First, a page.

Niantic has just rolled out updates for the Pokémon Go app, and one of the new features for iOS will let you run the game at higher frame rates. The Verge has discovered a new option that allows you “unlock your device’s native refresh rate for higher FPS.” It’s not explicitly stated in the app’s change log and probably falls under the “various quality-of-life improvements” the developer has listed. Also, the option is off by default, so you’ll have to find it in settings if you want to take advantage of your phone’s capabilities.

As the publication notes, Pokémon Go was previously capped at 30fps on iOS — players have had to employ workarounds to get their games to run at 60fps — but newer phones are capable of more frames per second than that. The iPhone 13 Pro, for instance, has a 120fps screen. The Verge says switching the feature on made a huge difference and made the game a lot more responsive. While Niantic may have been trying to cater to owners of the new iPhone, the option can also be accessed on its predecessors. It just may not work as well on hardware powered by older chips.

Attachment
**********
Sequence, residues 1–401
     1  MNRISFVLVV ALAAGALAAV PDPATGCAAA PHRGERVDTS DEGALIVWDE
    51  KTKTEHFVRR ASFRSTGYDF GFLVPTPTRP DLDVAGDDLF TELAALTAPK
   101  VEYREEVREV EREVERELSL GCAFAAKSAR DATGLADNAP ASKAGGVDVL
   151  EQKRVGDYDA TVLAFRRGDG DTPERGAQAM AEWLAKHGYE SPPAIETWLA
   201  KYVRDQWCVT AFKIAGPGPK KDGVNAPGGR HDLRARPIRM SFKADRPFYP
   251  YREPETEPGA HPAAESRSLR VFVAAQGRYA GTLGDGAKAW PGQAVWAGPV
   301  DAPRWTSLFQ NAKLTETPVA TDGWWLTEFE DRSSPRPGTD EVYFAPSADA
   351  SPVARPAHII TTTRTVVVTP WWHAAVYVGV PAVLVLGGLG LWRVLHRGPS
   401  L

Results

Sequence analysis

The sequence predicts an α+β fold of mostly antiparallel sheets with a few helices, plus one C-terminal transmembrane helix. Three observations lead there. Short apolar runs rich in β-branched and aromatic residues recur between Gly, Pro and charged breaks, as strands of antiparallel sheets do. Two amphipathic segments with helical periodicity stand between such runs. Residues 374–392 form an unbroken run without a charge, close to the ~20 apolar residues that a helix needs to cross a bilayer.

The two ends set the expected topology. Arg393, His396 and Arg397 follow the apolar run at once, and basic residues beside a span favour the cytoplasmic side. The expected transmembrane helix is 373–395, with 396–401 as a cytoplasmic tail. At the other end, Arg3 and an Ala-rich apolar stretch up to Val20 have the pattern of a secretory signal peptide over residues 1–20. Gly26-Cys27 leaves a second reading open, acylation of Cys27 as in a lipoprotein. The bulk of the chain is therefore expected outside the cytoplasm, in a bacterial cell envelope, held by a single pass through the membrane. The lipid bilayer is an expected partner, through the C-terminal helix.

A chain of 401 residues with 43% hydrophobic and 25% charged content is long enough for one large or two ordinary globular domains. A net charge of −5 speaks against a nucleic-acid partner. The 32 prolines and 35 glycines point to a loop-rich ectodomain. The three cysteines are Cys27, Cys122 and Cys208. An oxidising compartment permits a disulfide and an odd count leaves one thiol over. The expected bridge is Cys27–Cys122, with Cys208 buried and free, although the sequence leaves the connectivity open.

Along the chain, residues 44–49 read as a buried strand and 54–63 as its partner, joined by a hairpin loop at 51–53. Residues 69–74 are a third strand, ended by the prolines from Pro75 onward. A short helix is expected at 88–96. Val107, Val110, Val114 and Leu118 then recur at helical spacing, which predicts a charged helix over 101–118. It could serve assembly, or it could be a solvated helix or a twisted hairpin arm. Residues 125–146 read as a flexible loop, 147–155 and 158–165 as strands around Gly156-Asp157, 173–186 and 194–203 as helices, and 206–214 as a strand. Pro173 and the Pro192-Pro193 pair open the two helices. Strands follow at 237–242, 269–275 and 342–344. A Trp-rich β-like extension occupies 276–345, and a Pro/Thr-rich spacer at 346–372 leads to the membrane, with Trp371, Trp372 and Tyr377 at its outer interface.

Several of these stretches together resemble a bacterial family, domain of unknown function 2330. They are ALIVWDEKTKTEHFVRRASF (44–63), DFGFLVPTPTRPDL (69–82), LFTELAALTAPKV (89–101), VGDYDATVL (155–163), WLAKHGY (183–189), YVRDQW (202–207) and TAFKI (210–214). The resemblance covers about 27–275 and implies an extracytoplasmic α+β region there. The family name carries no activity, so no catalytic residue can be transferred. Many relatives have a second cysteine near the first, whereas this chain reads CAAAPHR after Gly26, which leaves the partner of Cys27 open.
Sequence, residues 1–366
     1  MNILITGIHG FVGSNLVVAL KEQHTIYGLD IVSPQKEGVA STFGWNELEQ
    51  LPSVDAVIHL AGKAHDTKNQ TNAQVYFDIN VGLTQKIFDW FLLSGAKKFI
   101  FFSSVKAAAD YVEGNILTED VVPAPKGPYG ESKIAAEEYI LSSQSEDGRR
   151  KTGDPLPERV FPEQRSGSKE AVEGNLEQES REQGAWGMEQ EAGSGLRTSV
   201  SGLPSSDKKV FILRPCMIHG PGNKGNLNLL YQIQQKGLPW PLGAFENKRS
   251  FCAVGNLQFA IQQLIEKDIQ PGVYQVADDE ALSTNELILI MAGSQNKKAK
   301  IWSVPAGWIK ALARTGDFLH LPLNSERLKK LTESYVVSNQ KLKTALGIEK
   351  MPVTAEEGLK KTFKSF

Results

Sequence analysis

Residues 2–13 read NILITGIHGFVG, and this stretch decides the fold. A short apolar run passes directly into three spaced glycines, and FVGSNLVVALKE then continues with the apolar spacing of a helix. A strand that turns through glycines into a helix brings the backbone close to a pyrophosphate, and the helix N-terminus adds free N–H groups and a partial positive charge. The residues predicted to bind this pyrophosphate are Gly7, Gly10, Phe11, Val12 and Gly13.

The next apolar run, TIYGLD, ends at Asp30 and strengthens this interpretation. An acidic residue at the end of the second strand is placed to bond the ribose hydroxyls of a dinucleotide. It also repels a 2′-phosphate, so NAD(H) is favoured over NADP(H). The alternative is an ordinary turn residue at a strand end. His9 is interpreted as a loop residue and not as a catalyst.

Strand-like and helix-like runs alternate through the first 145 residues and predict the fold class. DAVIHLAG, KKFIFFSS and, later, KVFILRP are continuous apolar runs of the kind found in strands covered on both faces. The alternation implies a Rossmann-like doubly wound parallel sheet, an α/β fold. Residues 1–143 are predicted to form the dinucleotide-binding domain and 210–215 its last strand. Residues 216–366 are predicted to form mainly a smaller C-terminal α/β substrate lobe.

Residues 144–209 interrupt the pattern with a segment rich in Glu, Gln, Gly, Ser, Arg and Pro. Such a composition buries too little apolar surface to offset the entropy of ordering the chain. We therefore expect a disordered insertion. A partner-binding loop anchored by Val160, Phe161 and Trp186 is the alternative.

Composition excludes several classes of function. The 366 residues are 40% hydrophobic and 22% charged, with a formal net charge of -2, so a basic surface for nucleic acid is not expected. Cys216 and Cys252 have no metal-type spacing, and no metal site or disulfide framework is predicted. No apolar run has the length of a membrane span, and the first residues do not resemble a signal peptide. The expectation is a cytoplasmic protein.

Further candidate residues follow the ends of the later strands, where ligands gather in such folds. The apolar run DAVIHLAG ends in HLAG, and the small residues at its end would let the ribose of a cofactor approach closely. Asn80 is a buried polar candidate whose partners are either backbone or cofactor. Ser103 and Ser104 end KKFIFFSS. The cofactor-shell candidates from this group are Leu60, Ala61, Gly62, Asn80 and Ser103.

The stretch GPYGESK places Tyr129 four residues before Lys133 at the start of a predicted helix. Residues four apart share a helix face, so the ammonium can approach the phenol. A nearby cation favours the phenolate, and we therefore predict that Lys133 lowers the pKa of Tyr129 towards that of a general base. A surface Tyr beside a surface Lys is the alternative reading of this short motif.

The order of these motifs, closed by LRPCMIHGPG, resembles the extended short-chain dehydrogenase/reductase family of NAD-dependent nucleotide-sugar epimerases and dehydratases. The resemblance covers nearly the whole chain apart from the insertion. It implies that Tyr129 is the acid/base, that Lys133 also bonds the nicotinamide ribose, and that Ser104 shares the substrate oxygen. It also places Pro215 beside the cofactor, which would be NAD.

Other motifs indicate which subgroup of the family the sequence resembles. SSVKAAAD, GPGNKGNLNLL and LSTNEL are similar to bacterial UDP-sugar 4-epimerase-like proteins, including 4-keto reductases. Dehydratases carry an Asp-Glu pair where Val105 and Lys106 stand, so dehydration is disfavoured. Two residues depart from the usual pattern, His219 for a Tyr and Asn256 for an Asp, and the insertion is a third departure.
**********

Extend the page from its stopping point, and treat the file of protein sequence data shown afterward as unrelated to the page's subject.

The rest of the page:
You can find the the feature in the game’s advanced settings, which will show “native refresh rate unlocked” when it’s switched on.

All products recommended by Engadget are selected by our editorial team, independent of our parent company. Some of our stories include affiliate links. If you buy something through one of these links, we may earn an affiliate commission.

Repost: Original Source and Author Link

Categories
AI

Edge AI’s benefits bring ‘much higher’ security risks, says McAfee data scientist

All the sessions from Transform 2021 are available on-demand now. Watch now.


Edge AI is becoming increasingly important with the internet of things (IoT) boom, but the security challenges make it more difficult for companies to adopt edge computing. As the size of the IoT ecosystem has grown, so have the risks.

Edge AI has an advantage over cloud-based AI, McAfee chief data scientist Celeste Fralick told VentureBeat executive editor Fahmida Rashid during a session of VentureBeat’s Transform 2021 summit. Backhauling large amounts of data collected from various sensors up to the cloud, processing it, and then bringing it back down is both costly and time-consuming.